I have listened to this book multiple times. I gave it to each of my children for christmas. I have encouraged my co-workers and even the chaplain to not only read it but start a study group using it as a base. The information contained is not 100 percent perfect as there are terms that seemed to disagree with what I understood them to mean but they are infrequent.
The principles he chanpions and the methods suggested are right on the money!
I suggest you also get the paperback version as it is cheap and you will want to make notes.
The author does an exceptional job of reading his matereial. The listener can feel the emotion and emphasis the author intended as he not only reads the book but adjusts things enough so that you can visualize the diagrams as he reads.
It is so much more interesting listening to it then it ever could possibly have been reading it.
"The message is simple"
Like others on here I initially found the voice monotone and dry with none of the usual punch and uplift found in other personal improvement readings. But on reflection I think that this bland style works better in the long run. It allows you to listen, really listen to what he is saying rather than be short term uplifted. A long book taken at what seems a leisurely pace but I do not think it could have been shortened and still get the message across. This is a casserole not a microwave meal.
I'd known about this book for a long time and it was always on my list of books to read (listen to). I found the 7 habits fascinating. The age of the book does come across and it is a little preachy but Stephen Covey's research, conclusions and insights are staggering in their depth. Although you come away feeling that a lot of what he says is common sense, the vast majority of people, including myself, would never think in those terms. Stephen unravels what it is to be human and how to make the most of that gift. I can't believe anyone listening could fail to benefit hugely from the experience.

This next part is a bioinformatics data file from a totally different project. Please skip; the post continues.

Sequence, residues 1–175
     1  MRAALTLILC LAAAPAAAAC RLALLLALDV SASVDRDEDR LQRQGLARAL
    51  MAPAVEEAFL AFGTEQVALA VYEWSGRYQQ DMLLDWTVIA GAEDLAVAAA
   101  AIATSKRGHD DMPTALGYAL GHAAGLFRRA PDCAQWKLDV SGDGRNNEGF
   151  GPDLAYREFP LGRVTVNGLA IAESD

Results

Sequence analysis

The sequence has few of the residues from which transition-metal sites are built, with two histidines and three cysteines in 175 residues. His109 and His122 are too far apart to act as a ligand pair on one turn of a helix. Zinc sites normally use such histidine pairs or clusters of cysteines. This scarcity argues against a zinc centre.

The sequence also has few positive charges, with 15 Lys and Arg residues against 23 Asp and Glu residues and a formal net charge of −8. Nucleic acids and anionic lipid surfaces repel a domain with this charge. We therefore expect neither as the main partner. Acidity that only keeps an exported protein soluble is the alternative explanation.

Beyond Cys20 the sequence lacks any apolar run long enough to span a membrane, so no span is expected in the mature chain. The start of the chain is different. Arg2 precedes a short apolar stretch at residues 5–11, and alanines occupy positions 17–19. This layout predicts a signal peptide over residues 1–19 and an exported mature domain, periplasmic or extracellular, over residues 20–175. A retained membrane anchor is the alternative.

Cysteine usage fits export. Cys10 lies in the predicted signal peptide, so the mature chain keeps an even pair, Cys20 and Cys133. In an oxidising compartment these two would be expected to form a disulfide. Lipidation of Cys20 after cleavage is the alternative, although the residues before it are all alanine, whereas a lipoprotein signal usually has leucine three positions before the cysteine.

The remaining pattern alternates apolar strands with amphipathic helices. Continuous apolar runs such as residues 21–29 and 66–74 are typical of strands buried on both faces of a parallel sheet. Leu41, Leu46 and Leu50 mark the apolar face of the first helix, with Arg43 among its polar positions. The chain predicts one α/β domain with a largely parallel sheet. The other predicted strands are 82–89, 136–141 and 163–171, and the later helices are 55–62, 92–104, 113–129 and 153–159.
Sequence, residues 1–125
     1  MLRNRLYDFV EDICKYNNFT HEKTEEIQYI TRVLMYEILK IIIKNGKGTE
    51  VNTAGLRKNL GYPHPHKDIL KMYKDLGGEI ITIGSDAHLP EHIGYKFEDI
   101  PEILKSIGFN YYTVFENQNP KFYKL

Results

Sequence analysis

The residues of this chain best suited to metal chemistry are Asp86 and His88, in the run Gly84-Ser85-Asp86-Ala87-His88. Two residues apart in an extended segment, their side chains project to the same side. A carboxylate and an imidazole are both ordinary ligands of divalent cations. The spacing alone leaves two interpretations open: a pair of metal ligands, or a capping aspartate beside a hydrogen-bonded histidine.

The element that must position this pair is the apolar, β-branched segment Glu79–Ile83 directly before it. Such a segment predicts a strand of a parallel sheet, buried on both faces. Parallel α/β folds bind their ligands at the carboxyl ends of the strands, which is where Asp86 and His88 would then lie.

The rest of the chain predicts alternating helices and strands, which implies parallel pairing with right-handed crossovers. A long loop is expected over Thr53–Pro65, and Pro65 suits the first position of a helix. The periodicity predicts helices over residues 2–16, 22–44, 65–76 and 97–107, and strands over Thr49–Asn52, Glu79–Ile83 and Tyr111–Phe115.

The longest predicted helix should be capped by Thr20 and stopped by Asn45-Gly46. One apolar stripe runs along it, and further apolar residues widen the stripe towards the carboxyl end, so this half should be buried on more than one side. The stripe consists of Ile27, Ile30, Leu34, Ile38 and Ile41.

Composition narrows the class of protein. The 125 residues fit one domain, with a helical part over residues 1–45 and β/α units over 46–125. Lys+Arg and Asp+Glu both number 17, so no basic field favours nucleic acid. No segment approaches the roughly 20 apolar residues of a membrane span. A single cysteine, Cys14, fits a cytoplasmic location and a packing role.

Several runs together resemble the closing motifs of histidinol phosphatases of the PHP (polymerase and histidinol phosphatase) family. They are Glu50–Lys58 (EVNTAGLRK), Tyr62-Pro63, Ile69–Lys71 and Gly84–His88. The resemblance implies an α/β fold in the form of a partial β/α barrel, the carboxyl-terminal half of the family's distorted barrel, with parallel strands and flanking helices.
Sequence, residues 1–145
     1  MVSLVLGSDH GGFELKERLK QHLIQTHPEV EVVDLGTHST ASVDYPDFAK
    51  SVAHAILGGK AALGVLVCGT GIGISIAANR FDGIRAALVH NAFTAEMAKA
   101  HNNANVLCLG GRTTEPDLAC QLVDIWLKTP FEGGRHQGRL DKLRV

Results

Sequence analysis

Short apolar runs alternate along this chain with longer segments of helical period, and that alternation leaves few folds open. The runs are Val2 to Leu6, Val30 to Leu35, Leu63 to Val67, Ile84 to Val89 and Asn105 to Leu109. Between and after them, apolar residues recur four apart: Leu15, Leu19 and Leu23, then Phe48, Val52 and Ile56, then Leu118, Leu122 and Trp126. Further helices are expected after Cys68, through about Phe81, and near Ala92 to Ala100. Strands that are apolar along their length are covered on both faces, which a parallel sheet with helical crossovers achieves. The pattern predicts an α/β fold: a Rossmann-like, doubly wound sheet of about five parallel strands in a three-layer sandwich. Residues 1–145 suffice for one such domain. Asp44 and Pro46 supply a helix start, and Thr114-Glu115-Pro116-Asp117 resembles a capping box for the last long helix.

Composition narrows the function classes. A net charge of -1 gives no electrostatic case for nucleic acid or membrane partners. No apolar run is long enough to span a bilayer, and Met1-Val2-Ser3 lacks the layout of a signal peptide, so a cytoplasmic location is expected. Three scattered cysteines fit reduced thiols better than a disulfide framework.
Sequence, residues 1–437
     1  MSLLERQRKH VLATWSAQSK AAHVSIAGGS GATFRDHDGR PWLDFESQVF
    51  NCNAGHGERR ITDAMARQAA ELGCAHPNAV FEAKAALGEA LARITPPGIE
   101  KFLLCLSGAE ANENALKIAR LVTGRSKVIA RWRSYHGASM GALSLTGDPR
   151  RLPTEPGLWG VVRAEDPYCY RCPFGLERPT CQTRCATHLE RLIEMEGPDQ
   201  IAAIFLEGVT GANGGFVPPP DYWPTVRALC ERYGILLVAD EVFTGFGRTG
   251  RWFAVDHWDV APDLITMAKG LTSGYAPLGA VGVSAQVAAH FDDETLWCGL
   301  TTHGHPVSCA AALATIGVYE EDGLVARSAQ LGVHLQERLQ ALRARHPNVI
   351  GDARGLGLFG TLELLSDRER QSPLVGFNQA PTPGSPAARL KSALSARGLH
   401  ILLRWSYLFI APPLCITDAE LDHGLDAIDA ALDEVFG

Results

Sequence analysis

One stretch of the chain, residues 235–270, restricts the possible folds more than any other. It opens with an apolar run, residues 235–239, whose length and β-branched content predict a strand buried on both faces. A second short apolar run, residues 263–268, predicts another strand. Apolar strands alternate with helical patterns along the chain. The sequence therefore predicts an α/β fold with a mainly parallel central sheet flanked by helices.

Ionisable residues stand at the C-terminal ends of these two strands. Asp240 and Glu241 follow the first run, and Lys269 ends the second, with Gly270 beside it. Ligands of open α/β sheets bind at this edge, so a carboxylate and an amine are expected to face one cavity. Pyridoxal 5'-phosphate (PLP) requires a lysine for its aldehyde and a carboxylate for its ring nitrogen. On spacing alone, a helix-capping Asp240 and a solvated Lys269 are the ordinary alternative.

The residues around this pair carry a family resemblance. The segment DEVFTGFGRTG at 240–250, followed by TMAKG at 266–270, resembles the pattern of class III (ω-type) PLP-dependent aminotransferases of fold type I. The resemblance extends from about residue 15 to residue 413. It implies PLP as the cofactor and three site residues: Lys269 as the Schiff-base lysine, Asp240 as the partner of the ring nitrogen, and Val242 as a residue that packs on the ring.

"7 Habits, constructive change not quick-fix"
I took the time to listen to the unabridged version. Audible could do with reviewing the encoding but other than that the book was excellent.
This book is required reading for managers in the 21st century as is the 8th habit. This was an easy listen (even the unabridged version) and Stephen Covey is a great narrator. I'd recommend this book to all.
i thought this was interesting and useful book. The behaviours (habits) make alot of sense
It is a tad preachy at the end. If your in a toss up between this and how to win friends and influence people i think the later is better
"Get over the hangup - does NOT push religion"
There are a few reviewers who have written off the book because the author happens to merely mention - in one sentence in the prologue - that he is a Christian. Surely the problem is no more than if he had mentioned being an atheist? - Anyway it is irrelevant to the content of the book and has no bearing on the concept, which is well researched and solid. The author has presented to boards of directors of major international companies and organisations and they wouldn't buy into crap and this is in no way wishy-washy or spiritual, the principles are well set out and argued.